After a three-year investigation, the Justice Department announced that the largest police department in New Jersey, located in one of the most dangerous cities in the Northeast, will receive a court-appointed monitor and will be federally supervised. The Los Angeles Times reported on Tuesday, July 22, that the decision to monitor the department was made based on findings that officers were making legally unjustified stops, using excessive force and the lack of discipline they receive from the department.
Newark, New Jersey is located about 15 miles from New York City. It is reported that this city has been a haven for narcotics and gang action. This city also suffers from high poverty and unemployment rates. Here, the Newark Police Department has said to be treating the citizens unconstitutionally.
The Los Angeles Times discovered that between 2000 and 2009 the Newark department received 989 excessive-force complaints against officers. Of these offenses only two percent received any disciplinary action.
In 2011 the federal investigation started looking at the behavior of the department. What was found was alarming. In recent years 75 percent of the pedestrian stops were not legally justified and 20 percent of officers admitted to using excessive force.
Atty. Gen. Eric. H. Holder Jr. said in a statement, “Our investigation uncovered troubling patterns in stops, arrests and use of force by the police in Newark. With this agreement, we’re taking decisive action to address potential discrimination and end unconstitutional conduct by those who are sworn to serve their fellow citizens.”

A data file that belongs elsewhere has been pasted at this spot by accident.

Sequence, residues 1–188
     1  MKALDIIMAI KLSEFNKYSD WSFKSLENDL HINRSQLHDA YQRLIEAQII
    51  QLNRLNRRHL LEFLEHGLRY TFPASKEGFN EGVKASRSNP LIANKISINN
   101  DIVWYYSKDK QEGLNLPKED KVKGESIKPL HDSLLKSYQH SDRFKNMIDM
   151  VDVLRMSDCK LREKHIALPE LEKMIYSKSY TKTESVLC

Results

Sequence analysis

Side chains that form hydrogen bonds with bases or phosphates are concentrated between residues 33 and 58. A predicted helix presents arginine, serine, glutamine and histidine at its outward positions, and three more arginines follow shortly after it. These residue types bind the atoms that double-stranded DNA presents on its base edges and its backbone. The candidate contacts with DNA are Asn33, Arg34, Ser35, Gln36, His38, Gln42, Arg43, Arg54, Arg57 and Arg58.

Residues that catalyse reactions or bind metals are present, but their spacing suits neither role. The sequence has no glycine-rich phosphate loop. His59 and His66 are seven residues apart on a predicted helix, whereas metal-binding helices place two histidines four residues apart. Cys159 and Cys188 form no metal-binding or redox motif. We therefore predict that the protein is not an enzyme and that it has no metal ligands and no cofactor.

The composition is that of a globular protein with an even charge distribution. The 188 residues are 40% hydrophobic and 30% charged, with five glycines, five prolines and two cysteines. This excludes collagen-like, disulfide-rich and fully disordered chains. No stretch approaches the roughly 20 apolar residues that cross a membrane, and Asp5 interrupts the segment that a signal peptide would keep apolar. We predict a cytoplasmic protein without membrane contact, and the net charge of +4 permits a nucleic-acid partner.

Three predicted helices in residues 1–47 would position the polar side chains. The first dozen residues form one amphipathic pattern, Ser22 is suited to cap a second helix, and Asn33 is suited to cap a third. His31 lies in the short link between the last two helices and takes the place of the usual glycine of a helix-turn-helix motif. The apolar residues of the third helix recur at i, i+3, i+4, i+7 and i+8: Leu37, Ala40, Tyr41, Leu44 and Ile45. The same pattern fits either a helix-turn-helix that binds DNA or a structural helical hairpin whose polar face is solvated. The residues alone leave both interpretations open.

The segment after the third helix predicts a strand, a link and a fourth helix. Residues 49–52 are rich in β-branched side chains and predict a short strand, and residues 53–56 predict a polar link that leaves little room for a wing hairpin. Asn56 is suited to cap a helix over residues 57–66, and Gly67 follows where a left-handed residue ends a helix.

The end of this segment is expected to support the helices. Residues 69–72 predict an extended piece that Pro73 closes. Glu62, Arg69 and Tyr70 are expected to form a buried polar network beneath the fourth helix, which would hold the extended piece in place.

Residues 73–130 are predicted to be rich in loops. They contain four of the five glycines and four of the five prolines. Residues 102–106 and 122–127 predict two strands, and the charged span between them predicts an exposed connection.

NBC New York stated that the investigation found that blacks were being targeted, but that there needs to be more evidence for it to be race-based comparison. Some residents would be arrested for retaliatory reasons. and others simply for being in the wrong place at the wrong time.
The report reads, “In particular, thousands of the stops — all of which were at least long enough to run warrant checks — involved individuals who were described merely as ‘milling,’ ‘loitering,’ or ‘wandering,’ without any indication of criminal activity or suspicion.
“Some of those were augmented with a notation that the ‘milling,’ ‘loitering,’ or ‘wandering’ was taking place in high-crime areas, high-narcotics areas, or high-gang activity areas. Officers also routinely stopped and ran warrant checks for individuals solely for being present in high-crime areas, near scenes of suspected or reported crimes, or simply ‘in areas.’”
The report also includes that many of the stops made by offers were either under reported or not reported correctly. Suspects were also victims as there were items stolen from them while in the prisoner property unit.
Newark police officials and the mayor cooperated with the investigation. United States Attorney Paul Fishman, “The people of Newark deserve to be safe, and so do the thousands who come here to work, to learn, and to take advantage of all the city has to offer. They also need to know the police protecting them are doing that important -- and often dangerous -- work while respecting their constitutional rights."
Los Angeles Times stated that although all the details have not been made the city and Justice Department officials have signed “‘an agreement in principle’ to implement a consent decree that will include some form of civilian oversight.” The appointed monitor will be evaluating and will report on the city’s. The decree should be done by Sept 15.
There are other department who have also fallen under a federal watch including Los Angeles Police Department and New Jersey State Police. There is no set timeline for this clean up, but it is suspected to take years.
"It will take real work," Fishman said. "Bad habits ... are hard to break. "